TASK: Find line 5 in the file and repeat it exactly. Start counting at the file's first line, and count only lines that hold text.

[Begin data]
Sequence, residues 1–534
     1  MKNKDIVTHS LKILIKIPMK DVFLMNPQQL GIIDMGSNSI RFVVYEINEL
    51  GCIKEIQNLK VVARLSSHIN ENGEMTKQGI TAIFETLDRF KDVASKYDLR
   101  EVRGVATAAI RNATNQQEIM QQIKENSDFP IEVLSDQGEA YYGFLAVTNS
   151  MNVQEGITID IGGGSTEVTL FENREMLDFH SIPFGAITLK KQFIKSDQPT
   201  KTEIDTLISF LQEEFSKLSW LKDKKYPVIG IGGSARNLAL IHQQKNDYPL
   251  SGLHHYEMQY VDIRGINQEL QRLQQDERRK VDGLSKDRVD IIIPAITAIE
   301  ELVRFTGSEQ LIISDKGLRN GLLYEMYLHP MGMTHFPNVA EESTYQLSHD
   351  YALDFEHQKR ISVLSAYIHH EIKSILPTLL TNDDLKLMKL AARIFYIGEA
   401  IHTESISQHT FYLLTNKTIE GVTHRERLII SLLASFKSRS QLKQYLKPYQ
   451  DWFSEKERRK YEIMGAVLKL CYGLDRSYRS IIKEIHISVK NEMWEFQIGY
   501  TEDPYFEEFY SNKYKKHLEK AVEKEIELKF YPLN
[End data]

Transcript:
   151  MNVQEGITID IGGGSTEVTL FENREMLDFH SIPFGAITLK KQFIKSDQPT